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Venezuela's Orinoco Belt crude output drops to 235,000 b/d; lowest since September 2019


Storage limitations, lack of light crude for diluent

Petrolera Sinovensa, Petropiar, Pemonagas cut production of diluted crudes

Light crude diverted to El Palito refinery for gasoline production

  • Author
  • Mery Mogollon
  • Editor
  • Manish Parashar
  • Commodity
  • Oil

Caracas — The production of crude by Venezuela's state-owned PDVSA and its partners in the Orinoco Belt fell to 235,000 b/d, or 18% of the region's maximum 1.3 million b/d capacity, on May 26, due to storage limitations and the lack of light crude to dilute the region's extra heavy crudes, according to a technical report reviewed by S&P Global Platts.

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It was the lowest production level registered for the Orinoco Belt since September 2019, when output dropped to 233,000 b/d owing to massive power blackouts in Venezuela. The April average output was at 390,000 b/d.

On April 28, a high voltage electrical failure caused an oil spill in the storage tanks of the Morichal Operations Center. The accident also affected production in the Carabobo block of the Orinoco Belt operated by Petrolera Sinovensa, owned 60% by PDVSA and 40% by CNPC, forcing the unscheduled closing of 212 wells, according to previous technical reports.

On May 19, Petrolera Sinovensa's production was restored, however, some storage tanks at the Morichal Operations Center remained out of service after the accident as they have not been repaired.

Additionally, the storage capacity for crude at the Jose terminal to the north of Anzoategui state has been maxed out as Venezuelan crude finds no buyers amid the US sanctions.

In the report, there were no figures for the amounts of crude currently being stored at Morichal and Jose.

Production in the Orinoco Belt is also being affected by the lack of available Mesa 30 light crude with which to dilute the Orinoco Belt's extra heavy crudes.

According to the report, an important volume of Mesa 30 crude is being delivered to the El Palito refinery to help PDVSA in its efforts to reactivate units to produce gasoline and alleviate an acute shortage of the fuel in the South American country, which was once an important exporter of crudes and refined products.

The El Palito refinery has been shut down for many months due to deterioration and the lack of maintenance of its units, in addition to the scarcity of light crudes that PDVSA uses to dilute heavy oil. The US sanctions include the prohibition of imports of heavy naphtha and light crude from other countries.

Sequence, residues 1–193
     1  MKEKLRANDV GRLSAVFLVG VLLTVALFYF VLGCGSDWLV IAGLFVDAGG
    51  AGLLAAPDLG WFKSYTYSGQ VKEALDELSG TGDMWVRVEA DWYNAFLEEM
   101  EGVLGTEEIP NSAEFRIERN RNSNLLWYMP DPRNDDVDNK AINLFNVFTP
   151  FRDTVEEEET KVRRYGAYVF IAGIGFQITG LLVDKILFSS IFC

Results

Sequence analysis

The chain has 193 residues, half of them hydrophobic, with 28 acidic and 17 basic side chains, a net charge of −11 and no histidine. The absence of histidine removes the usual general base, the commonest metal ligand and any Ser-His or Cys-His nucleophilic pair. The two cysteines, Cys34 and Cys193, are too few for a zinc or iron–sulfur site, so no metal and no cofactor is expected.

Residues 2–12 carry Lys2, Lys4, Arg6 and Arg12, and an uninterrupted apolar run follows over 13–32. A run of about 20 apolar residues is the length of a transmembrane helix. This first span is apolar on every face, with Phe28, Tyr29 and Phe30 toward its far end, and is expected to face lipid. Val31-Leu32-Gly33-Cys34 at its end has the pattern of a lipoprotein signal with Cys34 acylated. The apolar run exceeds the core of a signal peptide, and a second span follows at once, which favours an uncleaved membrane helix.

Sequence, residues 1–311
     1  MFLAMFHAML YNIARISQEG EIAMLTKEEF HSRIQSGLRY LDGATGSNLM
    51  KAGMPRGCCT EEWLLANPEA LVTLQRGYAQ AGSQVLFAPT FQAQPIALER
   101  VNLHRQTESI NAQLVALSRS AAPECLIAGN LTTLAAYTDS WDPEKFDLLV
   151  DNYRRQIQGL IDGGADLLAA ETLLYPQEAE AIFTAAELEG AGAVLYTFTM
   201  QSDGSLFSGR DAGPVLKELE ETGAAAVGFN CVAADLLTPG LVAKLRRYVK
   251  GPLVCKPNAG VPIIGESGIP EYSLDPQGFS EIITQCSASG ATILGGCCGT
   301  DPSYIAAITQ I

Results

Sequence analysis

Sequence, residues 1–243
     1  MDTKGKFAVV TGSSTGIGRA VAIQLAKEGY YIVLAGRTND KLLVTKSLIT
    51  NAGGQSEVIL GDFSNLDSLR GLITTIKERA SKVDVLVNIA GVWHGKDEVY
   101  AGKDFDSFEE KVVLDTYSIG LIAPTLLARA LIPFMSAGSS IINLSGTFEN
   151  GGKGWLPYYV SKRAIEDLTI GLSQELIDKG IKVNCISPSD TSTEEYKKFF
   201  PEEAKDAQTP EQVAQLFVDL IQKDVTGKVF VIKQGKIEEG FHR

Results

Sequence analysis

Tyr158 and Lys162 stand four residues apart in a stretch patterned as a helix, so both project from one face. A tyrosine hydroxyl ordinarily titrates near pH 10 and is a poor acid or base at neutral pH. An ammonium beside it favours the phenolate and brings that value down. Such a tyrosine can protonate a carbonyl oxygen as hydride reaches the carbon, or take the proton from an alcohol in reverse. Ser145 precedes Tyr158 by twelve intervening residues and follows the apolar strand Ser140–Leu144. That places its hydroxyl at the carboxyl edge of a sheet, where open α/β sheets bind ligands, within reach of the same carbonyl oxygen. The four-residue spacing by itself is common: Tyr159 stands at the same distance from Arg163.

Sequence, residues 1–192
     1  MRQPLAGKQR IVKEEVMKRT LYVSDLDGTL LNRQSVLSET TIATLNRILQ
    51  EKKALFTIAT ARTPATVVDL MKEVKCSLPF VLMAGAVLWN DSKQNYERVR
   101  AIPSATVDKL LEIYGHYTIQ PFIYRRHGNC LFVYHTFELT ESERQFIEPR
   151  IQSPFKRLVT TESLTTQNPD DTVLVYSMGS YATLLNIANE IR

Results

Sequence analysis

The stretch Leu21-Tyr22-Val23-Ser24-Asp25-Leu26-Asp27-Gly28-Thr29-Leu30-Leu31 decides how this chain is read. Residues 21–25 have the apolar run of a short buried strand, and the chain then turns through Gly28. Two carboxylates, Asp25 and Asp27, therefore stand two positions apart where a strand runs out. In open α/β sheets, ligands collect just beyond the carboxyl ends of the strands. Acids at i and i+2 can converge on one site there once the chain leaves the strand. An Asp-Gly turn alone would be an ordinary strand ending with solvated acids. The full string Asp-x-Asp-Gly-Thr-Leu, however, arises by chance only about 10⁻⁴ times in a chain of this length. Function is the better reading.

Since May 23, Venezuela has received four tanker loads of five scheduled gasoline and alkylates cargoes sent by Iran under terms of a government-to-government agreement.


According to the technical report dated May 26, crude production in the Carabobo block currently was 87,000 b/d. The Ayacucho block is now producing 110,000 b/d. The Junin block is now at 27,000 b/d, and the Boyaca block at 11,000 b/d.

In the Carabobo block, the joint venture Petrolera Sinovensa, with a maximum capacity at 105.000 b/d, was operating at 36,000 b/d, or 34.3% capacity. The JV Petromonagas, with PDVSA owning 60% and Rosneft 40%, also located in Carabobo Block, was operating at 30,000 b/d, or 25% of its 120,000 b/d capacity. The Morichal field, fully owned by PDVSA, was producing 20,000 b/d.

In Ayacucho block, the JV Petropiar, with PDVSA owning 60% and Chevron 40%, was producing at 55,000 b/d, or 29% of its 190,000 b/d capacity. The San Tome field, fully owned by PDVSA, was producing 55,000 b/d.

At Junin block, the 202,000 b/d JV Petrocedeno, owned 60% by PDVSA and 40% by Total/Equinor, was now producing only 4,000 b/d, and the 120,000 b/d Petro San Felix, fully owned by PDVSA, was producing just 10,000 b/d, according to the technical report.

PDVSA and its foreign partners have joint ventures in the four main blocks into which the Orinoco Belt is divided -- Carabobo, Ayacucho, Junin and Boyaca.

In these blocks, PDVSA has formed seven joint ventures -- Petrodelta, Petroritupano, Petrolera IndoVenezolana, Petrolera Sinovensa, Petrocedeno, Petropiar and Petromonagas. Nine additional ventures are in development -- Petroindependencia, Petrocarabobo, Petrojunin, Petromacareo, Petrourica, Petromiranda, Petrovictoria, Boyaca 8 and Junin 10.

PDVSA could not be reached immediately for comment, and PDVSA's foreign partners are not authorized to comment to the press.

Cash-strapped Venezuela saw its crude output fall to 620,000 b/d in April, according to the latest Platts survey of OPEC production.

Source: Orinoco Belt production technical report